|Utsumi, S - NEW MEXICO STATE UNIV|
|Cibils, A - NEW MEXICO STATE UNIV|
|Wang, Y - NEW MEXICO STATE UNIV|
Submitted to: Rangeland Ecology and Management
Publication Type: Peer Reviewed Journal
Publication Acceptance Date: August 24, 2006
Publication Date: November 1, 2006
Citation: Utsumi, S.A., Cibils, A.F., Estell, R.E., Wang, Y.F. 2006. Influence of plant material handling protocols on terpenoid profiles of one-seed juniper saplings. Rangeland Ecology and Management. 59:668-673. Interpretive Summary: One-seed juniper invasion into previously cleared woodlands is a concern to range managers throughout the southwestern United States. Browsing with sheep and goats could be a tool for juniper control, and success may depend on improving the animal's ability to detoxify plant terpenoids in order to promote levels of herbivory that might suppress juniper growth and recruitment. In order to test effects of various treatments on juniper intake, we first need to understand the effects of harvesting, transporting, and storing plant material to be used in pen experiments. Such manipulation may change the concentration of volatile compounds such as terpenes, and therefore affect herbivory levels. We analyzed the terpene profiles of leaves from small and large one-seed juniper saplings subjected to different handling protocols (immediate freezing vs. freezing after 24 hours, and freezing vs. refrigerating after 24 hours). Juniper saplings contained a mixture of 51 terpenoids, three of which were unknown compounds. Alpha-pinene was the most abundant compound, accounting for 65% of the total terpenoid concentration. Total terpenoid content did not differ among handling protocols. Handling protocols appeared to induce only slight variations in a few minor terpenoids. However, large plant-to-plant variation in terpenoid profiles that was not related to plant size was observed. This study suggests that juniper feeding trials can be simplified using plant material refrigerated for three weeks without significant change in terpenoid profiles, but among-plant variation in chemical composition must be considered in pen feeding trials.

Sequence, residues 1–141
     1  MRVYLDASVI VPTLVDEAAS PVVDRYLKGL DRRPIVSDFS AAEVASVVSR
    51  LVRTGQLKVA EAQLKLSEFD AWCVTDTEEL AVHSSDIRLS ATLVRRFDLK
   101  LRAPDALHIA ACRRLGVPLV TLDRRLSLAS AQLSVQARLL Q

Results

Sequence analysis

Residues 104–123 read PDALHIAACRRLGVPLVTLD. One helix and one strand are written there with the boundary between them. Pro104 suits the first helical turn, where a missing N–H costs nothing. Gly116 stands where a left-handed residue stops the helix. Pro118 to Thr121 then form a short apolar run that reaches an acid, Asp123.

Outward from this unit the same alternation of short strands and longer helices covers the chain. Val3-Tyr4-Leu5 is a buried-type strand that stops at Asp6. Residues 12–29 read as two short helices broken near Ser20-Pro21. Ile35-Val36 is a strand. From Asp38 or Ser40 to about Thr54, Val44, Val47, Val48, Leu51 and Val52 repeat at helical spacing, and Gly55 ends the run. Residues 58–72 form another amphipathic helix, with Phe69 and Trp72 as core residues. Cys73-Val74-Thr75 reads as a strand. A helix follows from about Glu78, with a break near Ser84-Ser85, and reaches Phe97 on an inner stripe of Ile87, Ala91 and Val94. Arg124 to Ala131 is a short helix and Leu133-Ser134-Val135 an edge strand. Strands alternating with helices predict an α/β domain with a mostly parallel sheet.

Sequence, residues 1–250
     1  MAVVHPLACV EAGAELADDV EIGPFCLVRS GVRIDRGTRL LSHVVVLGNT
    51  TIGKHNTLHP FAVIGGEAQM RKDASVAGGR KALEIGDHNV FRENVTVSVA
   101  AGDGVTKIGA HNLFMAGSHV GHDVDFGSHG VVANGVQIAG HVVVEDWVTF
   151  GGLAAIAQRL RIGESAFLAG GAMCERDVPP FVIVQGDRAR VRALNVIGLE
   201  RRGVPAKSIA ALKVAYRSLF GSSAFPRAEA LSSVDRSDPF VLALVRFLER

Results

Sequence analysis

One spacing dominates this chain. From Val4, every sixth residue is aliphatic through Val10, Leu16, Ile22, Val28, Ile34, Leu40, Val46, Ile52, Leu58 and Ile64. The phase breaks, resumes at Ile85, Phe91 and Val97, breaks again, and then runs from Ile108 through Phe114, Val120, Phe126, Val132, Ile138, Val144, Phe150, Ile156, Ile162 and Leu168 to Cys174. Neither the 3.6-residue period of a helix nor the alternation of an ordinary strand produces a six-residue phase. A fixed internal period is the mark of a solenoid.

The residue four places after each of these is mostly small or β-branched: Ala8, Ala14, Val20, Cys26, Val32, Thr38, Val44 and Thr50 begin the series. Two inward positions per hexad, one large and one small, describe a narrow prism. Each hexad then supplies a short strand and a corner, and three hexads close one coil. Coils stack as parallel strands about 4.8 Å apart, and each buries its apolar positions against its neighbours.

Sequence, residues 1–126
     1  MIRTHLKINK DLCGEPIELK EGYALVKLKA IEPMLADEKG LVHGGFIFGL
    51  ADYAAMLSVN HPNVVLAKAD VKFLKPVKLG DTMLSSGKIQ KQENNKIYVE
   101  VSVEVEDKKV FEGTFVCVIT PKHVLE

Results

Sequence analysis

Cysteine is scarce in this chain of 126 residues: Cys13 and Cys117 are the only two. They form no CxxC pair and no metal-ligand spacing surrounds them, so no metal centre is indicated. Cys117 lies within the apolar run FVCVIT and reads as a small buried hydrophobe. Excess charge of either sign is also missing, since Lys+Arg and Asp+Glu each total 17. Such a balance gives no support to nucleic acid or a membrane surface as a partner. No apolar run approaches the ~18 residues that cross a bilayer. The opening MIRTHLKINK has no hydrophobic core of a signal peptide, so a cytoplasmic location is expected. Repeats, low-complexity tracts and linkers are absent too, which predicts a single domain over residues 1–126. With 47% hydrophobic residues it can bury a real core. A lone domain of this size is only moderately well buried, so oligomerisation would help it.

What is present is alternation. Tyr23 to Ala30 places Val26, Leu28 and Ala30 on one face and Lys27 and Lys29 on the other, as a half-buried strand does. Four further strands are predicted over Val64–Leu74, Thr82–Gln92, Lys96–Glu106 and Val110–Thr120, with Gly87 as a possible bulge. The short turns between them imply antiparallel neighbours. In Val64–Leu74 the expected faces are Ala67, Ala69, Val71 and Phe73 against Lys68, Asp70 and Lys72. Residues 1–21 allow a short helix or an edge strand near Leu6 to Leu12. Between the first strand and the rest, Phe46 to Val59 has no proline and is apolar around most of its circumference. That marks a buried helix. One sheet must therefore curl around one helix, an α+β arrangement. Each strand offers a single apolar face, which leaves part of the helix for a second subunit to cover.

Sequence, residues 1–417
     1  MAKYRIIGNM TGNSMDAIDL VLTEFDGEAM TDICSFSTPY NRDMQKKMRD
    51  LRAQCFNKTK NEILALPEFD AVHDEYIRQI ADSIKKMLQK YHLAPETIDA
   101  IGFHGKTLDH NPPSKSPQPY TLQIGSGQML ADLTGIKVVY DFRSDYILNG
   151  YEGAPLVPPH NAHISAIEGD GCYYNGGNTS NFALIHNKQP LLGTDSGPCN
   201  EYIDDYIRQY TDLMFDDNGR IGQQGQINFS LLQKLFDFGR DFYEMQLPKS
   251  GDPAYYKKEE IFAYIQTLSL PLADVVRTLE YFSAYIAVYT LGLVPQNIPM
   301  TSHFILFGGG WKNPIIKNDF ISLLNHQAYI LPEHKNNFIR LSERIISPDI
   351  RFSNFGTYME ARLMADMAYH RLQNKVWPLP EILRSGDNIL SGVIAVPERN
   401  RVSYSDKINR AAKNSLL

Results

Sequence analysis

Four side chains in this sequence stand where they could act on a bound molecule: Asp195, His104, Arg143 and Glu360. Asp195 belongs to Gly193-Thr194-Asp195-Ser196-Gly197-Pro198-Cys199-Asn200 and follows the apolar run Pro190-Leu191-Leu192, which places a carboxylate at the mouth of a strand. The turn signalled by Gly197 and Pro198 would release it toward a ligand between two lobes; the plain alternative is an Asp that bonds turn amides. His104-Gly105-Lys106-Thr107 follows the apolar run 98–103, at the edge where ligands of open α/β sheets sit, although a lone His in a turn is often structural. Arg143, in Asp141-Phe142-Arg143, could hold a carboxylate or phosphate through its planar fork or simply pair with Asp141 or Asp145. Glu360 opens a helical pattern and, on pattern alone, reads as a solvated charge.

Technical Abstract: Accurate estimation of one-seed juniper (Juniperus monosperma (Englem). Sarg.) intake by goats and sheep often requires harvesting, transporting, and storing plant material that is later used in pen experiments. Such manipulation could alter terpenoid profiles and modify herbivory levels significantly. We used gas chromatography mass spectrometry (GC/MS) to analyze the terpenoid profile of the ethanol extract of leaves of small and large one-seed juniper saplings subjected to three different handling protocols. Plant materials were either: a) placed on dry ice after clipping and then at -80º C until analysis (Control); b) stored at ambient temperature during the first 24 hours and then frozen; or c) stored at ambient temperature during the first 24 hours, and then stored at 8ºC for 3 weeks. Juniper saplings contained a mixture of 51 terpenoids, three of which were unknown compounds. Only 14 terpenoids accounted for 95% of the total volatiles extracted. Alpha-pinene was the most abundant compound, accounting for 65% of total terpenoid concentration. Total terpenoid content did not differ among handling protocol treatments (Control: 21,682.19 ±1,424.72 'g g-1 DM; Frozen after 24 h: 19,553.63 ±1,081.88 'g g-1 DM; Refrigerated for three weeks: 18,799.89 ±1,126.03 'g g-1 DM). Handling protocols appeared to induce only slight variations in a small number of minor terpenes. We detected large among-plant variation in terpenoid profiles that was not fully explained by sapling size. This study suggests that juniper feeding trials can be simplified using plant material stored at 8ºC for three weeks without significant alteration of terpenoid profiles. Among-plant variation in chemical composition, however, must be considered in pen feeding trials.